Corruption plagues the agency that determines the legal status of immigrants, and its employees often don't conduct proper background checks of immigration applicants, a former agency official told lawmakers Thursday.
As a result, "the integrity of the United States immigration system has also been corrupted and the system is incapable of ensuring the security of our homeland," Michael Maxwell said.
"Ours is a system that rewards criminals, facilitates the movement of terrorists, (and) supports foreign agents," said Maxwell, who had been in charge of the Office of Security and Investigations at U.S. Citizenship and Immigration Services until resigning in February.
The agency's director, Emilio Gonzalez, has said that the Homeland Security Department's inspector general will investigate reports of fraud and sloppy procedures. Gonzalez also has insisted that security concerns come first even though the agency is under pressure to get through a backlog of immigration applications.
Angelica Alfonso-Royals, a spokeswoman, said Thursday the agency's top priority "continues to be preserving and enhancing the integrity of the immigration system." She said the agency has confidence in the system but continually strives for improvement and "it takes allegations seriously."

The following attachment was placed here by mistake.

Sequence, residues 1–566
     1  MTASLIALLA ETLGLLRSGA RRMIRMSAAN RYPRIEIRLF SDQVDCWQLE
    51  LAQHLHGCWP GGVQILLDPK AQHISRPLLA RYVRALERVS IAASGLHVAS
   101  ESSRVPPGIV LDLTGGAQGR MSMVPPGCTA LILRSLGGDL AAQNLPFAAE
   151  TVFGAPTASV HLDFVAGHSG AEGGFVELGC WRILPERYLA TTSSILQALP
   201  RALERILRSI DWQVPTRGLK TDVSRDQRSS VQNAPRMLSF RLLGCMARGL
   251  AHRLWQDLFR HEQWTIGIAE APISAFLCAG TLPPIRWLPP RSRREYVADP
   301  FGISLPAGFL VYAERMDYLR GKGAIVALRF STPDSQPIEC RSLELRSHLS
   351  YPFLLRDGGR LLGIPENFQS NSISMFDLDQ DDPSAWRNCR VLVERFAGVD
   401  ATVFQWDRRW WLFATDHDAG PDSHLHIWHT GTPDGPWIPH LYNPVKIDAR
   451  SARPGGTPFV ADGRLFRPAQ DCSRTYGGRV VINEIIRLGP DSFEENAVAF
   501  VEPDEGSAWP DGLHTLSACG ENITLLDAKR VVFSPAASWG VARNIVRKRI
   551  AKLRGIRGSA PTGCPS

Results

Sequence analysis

Maxwell testified before the House International Relations Committee's terrorism and nonproliferation panel. He alleged that the agency has awarded immigrant benefits, including citizenship, without complete background checks.
In addition, he said, the agency has failed to investigate more than 500 criminal complaints against its own employees for allegations that include bribery, harboring illegals, money laundering and aiding known terrorists or being influenced by foreign intelligence services.
In one example, Maxwell said, the agency employed an Iraqi-born U.S. citizen suspected of being a foreign intelligence agent to review asylum applications.
"These breaches compromise virtually every part of the immigration system itself, leaving vulnerabilities that have been and likely are being exploited by criminals and adversaries of the United States," Maxwell said.
He said the agency's senior officials repeatedly ignored major national security vulnerabilities, covered them up or dismissed them.